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Health and safety on site

Date posted: 27 July 2015

Recent years have seen significant improvements in reducing the number and rate of injuries to construction workers, thanks to health and safety taking a higher priority. Despite this, however, a number of serious issues continue to affect the health of construction workers, and these can have devastating consequences for individuals and their families.

We take a look at some of the key health and safety risks, and how you can manage them.

Most fatal injuries in the construction industry actually occur on smaller building projects involving the refurbishment of existing homes and workplaces. More than 60% of those deaths involve falls from a height - such as from ladders, scaffolds, working platforms, roof edges or through fragile roofs. Other fatal injuries on smaller projects result from the collapse of excavations, during lifting operations, or due to contact with electricity and mobile plant.

This makes health and safety planning and execution vital even for self-builders and 'smaller' builders - those working on private domestic projects or smaller building projects (where construction work lasts fewer than 30 days).

What do you need to do?

You must be competent to carry out your work safely, and you should never accept work for which you do not have the necessary health and safety competency. The law also requires small builders to:

  • manage hazards and risk: plan, manage and monitor the construction work so it is carried out safely and without posing risks to health; 
  • inform and train your workforce: provide relevant information and training on risks, precautions and rules; and
  • co-operate with the client or home occupier: the business client has legal duties and is obliged to co-operate with you and have arrangements for managing the work; it is also important to work closely with the home occupier to meet your site safety responsibilities.

Manage hazards and risk

As a smaller builder, you are a contractor under Construction (Design and Management) Regulations (CDM) 2007 and therefore need to plan, manage and monitor your building work to ensure health and safety risks are under control. You will need to set lead times, for example – informing any sub-contractors of the minimum amount of time that will be allowed for planning and preparation. You are also responsible for preventing any unauthorised people from accessing the construction site. And you will also need to arrange welfare facilities for your workforce, including toilets and washing facilities; drinking water; somewhere to rest, eat and drink; and changing rooms and lockers –  – although the specific requirements depend on the size, location and type of project.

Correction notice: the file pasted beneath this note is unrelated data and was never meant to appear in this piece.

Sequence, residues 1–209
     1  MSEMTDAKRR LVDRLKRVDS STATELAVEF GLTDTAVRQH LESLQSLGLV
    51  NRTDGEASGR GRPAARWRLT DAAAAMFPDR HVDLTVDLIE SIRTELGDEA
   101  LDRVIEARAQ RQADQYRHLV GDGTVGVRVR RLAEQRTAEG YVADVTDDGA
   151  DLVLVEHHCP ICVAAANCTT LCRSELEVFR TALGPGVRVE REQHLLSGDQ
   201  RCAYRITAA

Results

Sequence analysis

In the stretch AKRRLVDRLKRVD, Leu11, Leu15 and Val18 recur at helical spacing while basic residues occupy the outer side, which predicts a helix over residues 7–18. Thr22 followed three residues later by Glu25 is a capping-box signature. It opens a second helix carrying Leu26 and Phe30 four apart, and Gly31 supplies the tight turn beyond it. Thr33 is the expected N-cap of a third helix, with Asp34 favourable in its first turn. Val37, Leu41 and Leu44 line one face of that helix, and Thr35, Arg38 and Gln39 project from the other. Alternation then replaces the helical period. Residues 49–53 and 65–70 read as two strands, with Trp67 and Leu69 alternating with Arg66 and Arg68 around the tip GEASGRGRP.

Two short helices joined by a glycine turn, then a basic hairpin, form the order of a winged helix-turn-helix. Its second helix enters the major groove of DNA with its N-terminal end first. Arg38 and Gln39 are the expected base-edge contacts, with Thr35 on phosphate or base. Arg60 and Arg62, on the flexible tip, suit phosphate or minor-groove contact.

Training

It goes without saying that you need to ensure your workforce is armed with all the information and training necessary to carry out their work safely. They will need site induction; details of site rules and emergency procedures; and information about any risks identified in assessments, and the necessary precautions to take.

Cooperating with the client / home occupier

Business clients have safety responsibilities on even the briefest of projects and will need to check the arrangements made by the smaller builder for managing the work.

When it comes to home occupiers, the smaller builder and occupier are united in their wish to ensure the building work does not place residents in danger. Discussing plans and working to co-operate closely will help to achieve this - so, for instance, you will need to leave the construction area safe at the end of each working day to ensure residents are not put at risk throughout the project.

Find out more about your legal responsibilities

The HSE's page, "Health and safety in the construction industry", offers a wealth of accessible and useful information for those involved in construction. This ranges from looking at managing the health and safety essentials right through to considering specific building-related health issues – such as dust, noise and vibration exposure; the potential risks of manual handling and repetitive work; controlling hazardous substances; and much more.

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